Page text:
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2A girls hoops notes: Make room for Leading Edge

It is rare to see a varsity program win a state championship in its first year as a member of the Arizona Interscholastic Association. 

Can the new kid on the the AIA 2A Conference block, Leading Edge Academy’s girls basketball program, accomplish the feat? We’re about to find out. 
On Friday, when it plays Hopi at Bradshaw Mountain, Leading Edge’s talented unit will take the court during an AIA postseason for the first time. Riding a 17-game win streak, including a quality victory over a Southern California section champ, Barstow, Leading Edge's first-year AIA resume so far is impressive.

Its first-year wins allowed Leading Edge to earn the No. 2 seed in the state tournament. The win over Barstow came during a stretch in which Leading Edge went 4-0 and won its division in the 88-team Southern California Holiday Prep Classic. 

Leading Edge, currently 27-2, dropped its only games to the 3A Conference’s No. 1 state seed, Valley Christian, and 6A Conference’s Perry. Leading Edge began making a name for itself in the Charter Athletic League, where the team won eight consecutive state championships 

In charge of the program since its first layup is Erik Gray, who in nine years with Leading Edge is 217-22.

“Our team’s identity comes from the defensive end,” Gray said. “We really use our defense to create offense. We average 18 steals per game, which allows us to get out on the break and get easy baskets in transition.”

Only one senior, guard Brielle McKinney, appears on Leading Edge's roster, but it doesn’t lack leadership.

Ariana Clavell, a 6-2 junior captain, isn’t the team’s leading scorer, but she’s one of the “biggest” leaders in Leading Edge’s program.

Clavell’s defensive skills and love for her teammates allows her to excel on the court, Gray said. She is averaging a team-high 7.6 rebounds per game, but not far behind her in rebound average is Prima Chellis, the team’s points per game leader at 14.4. 

At 13.7 points per game, point guard Brielle McKiney also can light up a scoreboard. McKiney dropped a season-high 29 points against the 2A state tournament’s No. 3 seed, Scottsdale Christian, this season.

At 7.6 steals per game, Chellis is also the 2A’s state leader in that category. The junior also is shooting 46 percent from beyond the arc.

Halle Price runs the show for Leading Edge, leading the team with five assists per game. Despite the first-year success, it hasn’t been all gravy for Leading Edge.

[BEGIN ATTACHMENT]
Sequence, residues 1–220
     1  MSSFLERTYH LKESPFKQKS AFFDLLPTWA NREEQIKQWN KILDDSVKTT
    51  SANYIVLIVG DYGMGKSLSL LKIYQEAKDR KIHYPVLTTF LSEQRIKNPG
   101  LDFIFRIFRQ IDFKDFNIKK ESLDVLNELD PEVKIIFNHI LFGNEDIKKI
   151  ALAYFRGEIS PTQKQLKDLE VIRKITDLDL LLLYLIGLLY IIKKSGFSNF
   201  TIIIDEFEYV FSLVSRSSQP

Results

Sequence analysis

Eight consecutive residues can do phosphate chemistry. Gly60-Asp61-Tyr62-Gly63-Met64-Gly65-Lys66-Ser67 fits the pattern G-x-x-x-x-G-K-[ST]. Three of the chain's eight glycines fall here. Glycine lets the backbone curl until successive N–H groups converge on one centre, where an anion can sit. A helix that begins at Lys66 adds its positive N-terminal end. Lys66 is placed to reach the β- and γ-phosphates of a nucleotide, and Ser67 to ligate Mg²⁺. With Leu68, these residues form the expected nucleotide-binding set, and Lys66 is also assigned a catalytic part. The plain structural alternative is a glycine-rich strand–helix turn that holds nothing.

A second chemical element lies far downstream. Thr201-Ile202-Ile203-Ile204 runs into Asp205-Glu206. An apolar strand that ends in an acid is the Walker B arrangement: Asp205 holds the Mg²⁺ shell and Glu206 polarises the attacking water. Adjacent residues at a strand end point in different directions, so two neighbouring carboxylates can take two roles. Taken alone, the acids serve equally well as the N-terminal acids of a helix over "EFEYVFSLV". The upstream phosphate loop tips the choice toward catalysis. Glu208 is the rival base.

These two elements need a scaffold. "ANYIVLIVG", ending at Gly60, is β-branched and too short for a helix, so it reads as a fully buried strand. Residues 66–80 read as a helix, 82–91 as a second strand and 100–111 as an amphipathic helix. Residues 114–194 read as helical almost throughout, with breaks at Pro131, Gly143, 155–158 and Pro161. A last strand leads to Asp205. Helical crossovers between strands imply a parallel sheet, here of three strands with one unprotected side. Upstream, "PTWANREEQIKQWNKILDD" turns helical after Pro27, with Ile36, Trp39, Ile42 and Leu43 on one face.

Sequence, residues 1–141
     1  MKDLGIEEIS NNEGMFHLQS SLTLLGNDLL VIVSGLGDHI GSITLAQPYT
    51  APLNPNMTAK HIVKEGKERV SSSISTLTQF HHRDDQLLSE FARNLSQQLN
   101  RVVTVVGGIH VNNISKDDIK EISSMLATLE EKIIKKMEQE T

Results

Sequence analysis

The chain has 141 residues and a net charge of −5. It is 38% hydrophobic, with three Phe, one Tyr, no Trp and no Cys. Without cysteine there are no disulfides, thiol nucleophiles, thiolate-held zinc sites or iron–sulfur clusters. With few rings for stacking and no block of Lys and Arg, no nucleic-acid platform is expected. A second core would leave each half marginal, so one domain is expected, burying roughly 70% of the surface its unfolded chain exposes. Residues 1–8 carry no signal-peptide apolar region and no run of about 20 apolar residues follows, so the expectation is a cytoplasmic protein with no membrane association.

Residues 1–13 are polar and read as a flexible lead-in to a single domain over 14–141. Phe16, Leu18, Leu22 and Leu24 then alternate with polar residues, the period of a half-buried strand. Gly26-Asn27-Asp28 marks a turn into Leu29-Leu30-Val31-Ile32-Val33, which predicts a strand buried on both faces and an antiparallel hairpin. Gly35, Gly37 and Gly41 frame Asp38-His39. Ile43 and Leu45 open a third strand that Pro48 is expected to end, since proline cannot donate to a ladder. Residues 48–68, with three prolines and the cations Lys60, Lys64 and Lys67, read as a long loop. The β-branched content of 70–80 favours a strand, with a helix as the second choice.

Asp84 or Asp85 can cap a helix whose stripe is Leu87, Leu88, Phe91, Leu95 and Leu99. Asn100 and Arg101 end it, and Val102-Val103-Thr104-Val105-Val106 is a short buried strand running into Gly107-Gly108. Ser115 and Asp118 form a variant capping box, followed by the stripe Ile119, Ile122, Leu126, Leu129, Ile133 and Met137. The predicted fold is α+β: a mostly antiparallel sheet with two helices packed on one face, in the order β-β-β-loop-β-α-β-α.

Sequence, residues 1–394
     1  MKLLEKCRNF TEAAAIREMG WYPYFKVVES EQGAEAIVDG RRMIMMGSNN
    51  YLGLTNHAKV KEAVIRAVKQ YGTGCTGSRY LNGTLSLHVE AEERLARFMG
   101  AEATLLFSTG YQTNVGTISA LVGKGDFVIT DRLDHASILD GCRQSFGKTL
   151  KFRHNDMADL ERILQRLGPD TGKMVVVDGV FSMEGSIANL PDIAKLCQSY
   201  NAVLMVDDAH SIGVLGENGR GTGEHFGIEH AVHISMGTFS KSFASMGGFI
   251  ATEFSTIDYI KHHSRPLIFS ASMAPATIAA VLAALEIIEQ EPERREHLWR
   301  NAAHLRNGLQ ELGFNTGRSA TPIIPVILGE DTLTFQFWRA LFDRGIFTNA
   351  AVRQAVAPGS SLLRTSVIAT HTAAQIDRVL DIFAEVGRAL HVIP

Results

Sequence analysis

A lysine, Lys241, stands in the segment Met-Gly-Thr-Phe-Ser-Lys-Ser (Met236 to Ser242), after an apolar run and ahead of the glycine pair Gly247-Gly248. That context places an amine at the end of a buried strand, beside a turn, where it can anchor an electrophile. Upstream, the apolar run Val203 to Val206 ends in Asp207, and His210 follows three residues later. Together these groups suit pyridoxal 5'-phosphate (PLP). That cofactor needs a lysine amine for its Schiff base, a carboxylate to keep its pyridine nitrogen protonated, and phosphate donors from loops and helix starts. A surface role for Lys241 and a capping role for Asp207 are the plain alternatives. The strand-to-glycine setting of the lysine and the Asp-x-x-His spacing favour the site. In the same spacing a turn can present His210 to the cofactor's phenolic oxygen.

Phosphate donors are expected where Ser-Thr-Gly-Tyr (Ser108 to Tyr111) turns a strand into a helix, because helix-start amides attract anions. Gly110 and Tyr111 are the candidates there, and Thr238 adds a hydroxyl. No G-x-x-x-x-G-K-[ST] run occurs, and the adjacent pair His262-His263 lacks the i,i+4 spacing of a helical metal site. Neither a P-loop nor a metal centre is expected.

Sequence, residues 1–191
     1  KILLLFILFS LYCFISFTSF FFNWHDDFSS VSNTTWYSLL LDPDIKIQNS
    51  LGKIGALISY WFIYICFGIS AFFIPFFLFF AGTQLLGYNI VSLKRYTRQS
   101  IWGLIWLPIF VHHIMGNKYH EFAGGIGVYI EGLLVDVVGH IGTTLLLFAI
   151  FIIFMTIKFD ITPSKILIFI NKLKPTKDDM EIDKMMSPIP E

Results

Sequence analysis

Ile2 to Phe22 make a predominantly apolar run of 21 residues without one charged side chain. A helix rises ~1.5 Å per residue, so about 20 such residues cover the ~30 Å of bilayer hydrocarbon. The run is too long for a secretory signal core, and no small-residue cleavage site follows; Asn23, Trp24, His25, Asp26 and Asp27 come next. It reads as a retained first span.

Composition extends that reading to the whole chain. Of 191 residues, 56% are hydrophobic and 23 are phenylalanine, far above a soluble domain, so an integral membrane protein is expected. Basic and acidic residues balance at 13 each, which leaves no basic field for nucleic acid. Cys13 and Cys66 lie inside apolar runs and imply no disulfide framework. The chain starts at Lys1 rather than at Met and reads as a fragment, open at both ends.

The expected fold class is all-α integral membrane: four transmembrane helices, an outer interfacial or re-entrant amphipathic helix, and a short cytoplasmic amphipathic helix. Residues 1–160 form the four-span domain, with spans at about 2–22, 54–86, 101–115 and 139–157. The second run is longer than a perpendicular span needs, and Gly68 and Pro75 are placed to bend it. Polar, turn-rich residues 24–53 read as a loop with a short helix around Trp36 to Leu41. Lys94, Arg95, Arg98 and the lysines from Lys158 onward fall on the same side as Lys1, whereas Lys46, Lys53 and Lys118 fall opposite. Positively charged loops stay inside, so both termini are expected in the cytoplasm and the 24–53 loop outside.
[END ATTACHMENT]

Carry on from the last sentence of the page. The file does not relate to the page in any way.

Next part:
Injuries forced key players to miss games this season. Nineteen seconds into this season’s first practice, Price injured herself and was forced to sit the first 10 games.

Sophomore Mariah Estrada’s sprained MCL also led to missing 10 games. And nine games into the season, the then team’s leading scorer, Jasmine McKinney, was lost for the year with an ACL injury.

“Unfortunately, we were only able to play six quarters this season with a full roster,” Gray said. “But I feel like we are really starting to hit our stride right now, as it took a few weeks to work on getting players back and into game shape as well as (finding our) chemistry on the court. We are very excited about our first year in the AIA state playoffs and hope to make a run deep in the tournament.”

Some of the AIA’s traditional powers likely won’t take it easy on Leading Edge if they meet in playoffs.

Leading Edge and No. 3 seed Scottsdale Christian could face off again this season if they advance to the semifinals. It took two overtimes for Leading Edge to get by the Scottsdale school, 74-72, on Dec. 5.

That was the only 2A game Leading Edge didn’t win comfortably this season. And don’t forget about the the No. 1 seed, Thatcher (21-2), which hasn’t seen Scottsdale Christian and Leading Edge this season.

Thatcher has given up the least amount of points by a 2A team this season and lost only one player off of last year’s team state championship team.

Notes

Valley (Sanders) won the small school state title last year. Photo by Mark Jones/maxpreps.com.

 

Valley (Sanders), the No. 5 seed, won the state’s smallest school division state title last year.

Valley (21-2) hasn’t lost to a 2A school this year and is led by sophomore Valiyah Yazzie’s 14.9 points per game. Sophomore Samantha Quigley and Tiffany Quigley are each averaging more than nine rebounds per game.     

Sedona Red Rock(27-1), the No. 6 seed, lost 58-46 to Thatcher in the semifinals last year. Sophia Perry has lettered in volleyball and basketball in each of her four seasons and has competed for 11 state championships.

Hannah Ringel, a captain, carries a 4.25 GPA, is the editor of two school publications and an officer of four clubs. Ringel is also a two-time state shot put champ and 2016 discuss runner-up.

Gilbert Christian (25-5), the No. 8 seed, has qualified for the playoffs the past 11 seasons and won state titles in 2009, 2011 and 2014. Coach Daryl Young took over in 2010 and has a 171-46 record. 

The defense is allowing only 23.4 points per game. The team’s three captains are Dana Sullivan, Faith Johnson and Rachel Field (team-high 10.2 rebounds per game).

Sullivan and Johnson, who suffered a season-ending ACL injury in January, are the vocal and spiritual leaders of the team, and Field leads by example, coach said.

Junior point guards Victoria Zebb leads the team with 11.5 points, 4.5 steals and 2.9 assists per game.

“We emphasize giving our very best and then leave the results up to God,” Young said.       

 

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